MAHLE Showcases a New Lithium-Carbon Battery for EVs
MAHLE, an international developer in electric vehicles (EVs) and fuel cell solutions, brings a new EV battery concept to the renewable energy table with a 90-second charging capability at 20 kW.
With range anxiety still lingering in the minds of EV consumers, it is refreshing to read about competing solutions for faster charging devices. MAHLE recently introduced a new battery concept for ultrafast charging of small electric vehicles in urban distribution transport. This battery will be composed of lithium-carbon and will enable fast charging for lightweight, two-wheeled, and small vehicles in under a couple of minutes.
MAHLE’s innovative cooling system involves immersion cooling that helps shorten charging time for the battery concept. Image used courtesy of MAHLE.
Ultra-Fast 90-Second EV Charging
MAHLE’s powertrain transmission specialists have created a shiftable high-speed electric drive module that led to the ultra-fast charger. This module delivers high power density not susceptible to runaway events or any uncontrolled overheating. MAHLE’s thermal management group is also making strides for the new EV batteries by developing an integrated system. The battery avoids failures such as thermal degradation that are brought on by lithium-based batteries. Combining the advantages of supercapacitors and conventional lithium-ion batteries, the lithium-carbon battery concept targets compact delivery vehicles in inner-city areas with ultrafast charging.
An electrically non-conductive coolant flows around the cells, thereby ensuring that the maximum temperature of the battery drops markedly during charging and that the overall temperature is distributed much more homogeneously. Allowing for the size of EV batteries to go down in size, letting costs go down while still remaining efficient.
Currently MAHLE’s 90-second charger is still under development and is withholding further details on design specifications however, the Vice President of Corporate Research and Advanced Engineering at MAHLE, Dr. Martin Berger, shared that MAHLE was on track to become a large contributor to removing CO2 emissions. “MAHLE’s portfolio today is as varied as the future mobility requirements. With the topics we’re presenting in Aachen, we’re once again demonstrating that we are targeting those areas where zero-carbon mobility needs good ideas.”
MAHLE’s chargeBIG Project
Other developments from MAHLE is its chargeBIG, an e-mobility division dedicated to finding new ways of establishing fast EV charging for large scale airport, parking garages, and fleet operators infrastructures. These charging cabinets can house up to 36 charging points and wall mounts. This technology will enable a network of charging stations, complete with dynamic and phase individual load management.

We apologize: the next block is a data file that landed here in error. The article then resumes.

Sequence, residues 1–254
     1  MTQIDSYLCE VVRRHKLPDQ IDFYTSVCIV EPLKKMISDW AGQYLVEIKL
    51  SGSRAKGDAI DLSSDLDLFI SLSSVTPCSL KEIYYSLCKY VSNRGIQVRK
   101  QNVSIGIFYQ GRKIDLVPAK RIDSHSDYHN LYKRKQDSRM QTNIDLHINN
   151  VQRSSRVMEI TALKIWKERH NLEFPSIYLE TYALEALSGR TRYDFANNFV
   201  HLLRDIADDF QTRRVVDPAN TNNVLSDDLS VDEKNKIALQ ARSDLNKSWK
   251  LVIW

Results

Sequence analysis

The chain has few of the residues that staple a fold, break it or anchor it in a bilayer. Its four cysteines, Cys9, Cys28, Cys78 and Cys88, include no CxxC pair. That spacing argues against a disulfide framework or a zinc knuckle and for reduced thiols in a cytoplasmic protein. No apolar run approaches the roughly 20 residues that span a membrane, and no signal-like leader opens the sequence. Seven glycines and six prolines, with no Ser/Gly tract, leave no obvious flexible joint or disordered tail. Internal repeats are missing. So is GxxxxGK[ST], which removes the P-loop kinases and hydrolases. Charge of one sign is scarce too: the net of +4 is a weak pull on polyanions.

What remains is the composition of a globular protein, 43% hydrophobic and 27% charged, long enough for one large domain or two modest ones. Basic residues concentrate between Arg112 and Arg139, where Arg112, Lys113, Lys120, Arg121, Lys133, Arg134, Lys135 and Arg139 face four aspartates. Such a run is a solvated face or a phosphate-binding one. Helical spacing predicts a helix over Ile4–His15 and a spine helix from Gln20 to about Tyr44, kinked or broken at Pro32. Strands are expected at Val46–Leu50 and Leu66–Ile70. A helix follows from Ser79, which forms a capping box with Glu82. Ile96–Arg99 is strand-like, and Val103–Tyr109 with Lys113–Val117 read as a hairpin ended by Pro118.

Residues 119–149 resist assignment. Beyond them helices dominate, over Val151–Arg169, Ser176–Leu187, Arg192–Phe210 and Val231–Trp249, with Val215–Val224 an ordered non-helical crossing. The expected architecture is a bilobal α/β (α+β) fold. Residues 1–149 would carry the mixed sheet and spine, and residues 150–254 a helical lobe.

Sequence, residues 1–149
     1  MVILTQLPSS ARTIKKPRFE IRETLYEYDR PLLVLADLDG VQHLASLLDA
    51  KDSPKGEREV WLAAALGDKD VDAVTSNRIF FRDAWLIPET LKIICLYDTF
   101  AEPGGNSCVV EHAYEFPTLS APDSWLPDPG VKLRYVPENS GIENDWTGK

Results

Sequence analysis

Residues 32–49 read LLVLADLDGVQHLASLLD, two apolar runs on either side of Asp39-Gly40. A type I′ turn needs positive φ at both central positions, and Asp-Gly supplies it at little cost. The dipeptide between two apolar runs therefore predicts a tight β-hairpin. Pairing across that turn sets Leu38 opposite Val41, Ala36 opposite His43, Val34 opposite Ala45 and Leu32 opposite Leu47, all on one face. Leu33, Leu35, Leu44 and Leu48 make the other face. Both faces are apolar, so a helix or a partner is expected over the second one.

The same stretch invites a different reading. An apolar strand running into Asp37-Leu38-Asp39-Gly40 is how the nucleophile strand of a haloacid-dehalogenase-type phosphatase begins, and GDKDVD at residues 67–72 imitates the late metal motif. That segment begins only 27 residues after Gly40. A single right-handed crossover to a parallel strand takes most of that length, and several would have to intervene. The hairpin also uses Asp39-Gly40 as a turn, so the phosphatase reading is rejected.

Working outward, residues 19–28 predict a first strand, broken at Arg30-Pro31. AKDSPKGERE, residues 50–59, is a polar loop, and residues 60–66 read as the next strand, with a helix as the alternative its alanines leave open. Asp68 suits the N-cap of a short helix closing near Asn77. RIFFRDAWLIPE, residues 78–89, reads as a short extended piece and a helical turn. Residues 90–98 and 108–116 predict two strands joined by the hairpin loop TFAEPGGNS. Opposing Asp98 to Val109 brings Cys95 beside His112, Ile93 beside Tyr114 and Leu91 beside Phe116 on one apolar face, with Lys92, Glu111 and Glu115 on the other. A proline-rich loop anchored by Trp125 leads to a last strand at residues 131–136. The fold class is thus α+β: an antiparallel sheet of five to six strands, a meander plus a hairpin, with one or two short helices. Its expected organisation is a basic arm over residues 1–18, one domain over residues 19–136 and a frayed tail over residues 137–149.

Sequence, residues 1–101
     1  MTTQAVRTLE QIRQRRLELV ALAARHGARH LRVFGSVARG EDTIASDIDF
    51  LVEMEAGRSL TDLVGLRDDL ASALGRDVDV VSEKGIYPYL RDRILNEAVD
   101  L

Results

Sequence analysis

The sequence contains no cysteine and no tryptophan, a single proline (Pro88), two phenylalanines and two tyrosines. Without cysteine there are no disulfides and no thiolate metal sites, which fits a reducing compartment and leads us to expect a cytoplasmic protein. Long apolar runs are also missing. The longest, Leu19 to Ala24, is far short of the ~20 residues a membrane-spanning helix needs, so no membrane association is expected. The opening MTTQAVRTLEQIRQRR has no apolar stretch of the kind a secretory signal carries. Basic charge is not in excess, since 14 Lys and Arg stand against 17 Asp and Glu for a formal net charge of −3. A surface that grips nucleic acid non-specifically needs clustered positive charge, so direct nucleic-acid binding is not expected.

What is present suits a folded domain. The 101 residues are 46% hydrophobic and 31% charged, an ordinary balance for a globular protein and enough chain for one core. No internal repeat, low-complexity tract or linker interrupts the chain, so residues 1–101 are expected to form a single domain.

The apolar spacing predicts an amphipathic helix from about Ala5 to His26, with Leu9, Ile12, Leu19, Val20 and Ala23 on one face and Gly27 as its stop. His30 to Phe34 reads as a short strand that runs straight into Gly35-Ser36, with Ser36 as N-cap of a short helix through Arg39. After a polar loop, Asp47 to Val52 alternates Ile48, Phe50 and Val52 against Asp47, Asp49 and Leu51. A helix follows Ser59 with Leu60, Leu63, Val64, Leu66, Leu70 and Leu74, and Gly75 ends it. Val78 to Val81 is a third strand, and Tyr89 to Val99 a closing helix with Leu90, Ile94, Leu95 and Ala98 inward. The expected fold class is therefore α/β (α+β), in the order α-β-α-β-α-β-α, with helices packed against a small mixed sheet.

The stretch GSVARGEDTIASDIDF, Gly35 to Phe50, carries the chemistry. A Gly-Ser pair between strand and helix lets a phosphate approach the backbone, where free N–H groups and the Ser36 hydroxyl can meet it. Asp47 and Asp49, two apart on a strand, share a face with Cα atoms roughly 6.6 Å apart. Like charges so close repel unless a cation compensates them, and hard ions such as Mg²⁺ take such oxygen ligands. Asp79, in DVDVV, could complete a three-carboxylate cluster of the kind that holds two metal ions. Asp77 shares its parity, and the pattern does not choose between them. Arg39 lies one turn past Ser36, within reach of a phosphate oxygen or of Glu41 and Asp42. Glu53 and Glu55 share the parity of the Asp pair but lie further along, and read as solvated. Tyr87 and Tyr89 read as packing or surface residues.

A look behind the immersion cooling for the battery concept to ensure ultrafast charging without additional coolers. Image used courtesy of MAHLE.
MAHLE supplies systems for high-voltage capacitor discharge ignition (CDI) as well as transistor-controlled ignition (TCI). In CDI units, the discharge of a high-voltage capacitor is used. TCI ignition involves a steady current flowing through the ignition coils. If the contact is interrupted, the self-induction in the ignition coil gives rise to a voltage surge that generates the ignition spark in the spark plug.
MAHLE’ Newest 3D Printing Center
In the city of Stuttgart, Germany, MAHLE will continue to develop automotive products and solutions for next generation EVs with a new 3D printing center that will manufacture power components with a new range of possibilities.
The new facility will allow MAHLE to speed up the development of climate neutral mobility solutions, increase process validation by automotive standards, and boost performance of existing automotive products.The unique printing process utilizes a software to 3D render solutions and easily integrate several functions into one product. Design engineers can create very complex designs at the click of a mouse. The printing center will lead to future developments of heat exchangers, thermoelectric generators, cooling plates, low temperature coolers, rapid prototyping, and pre-charge air cooler for electric vehicles.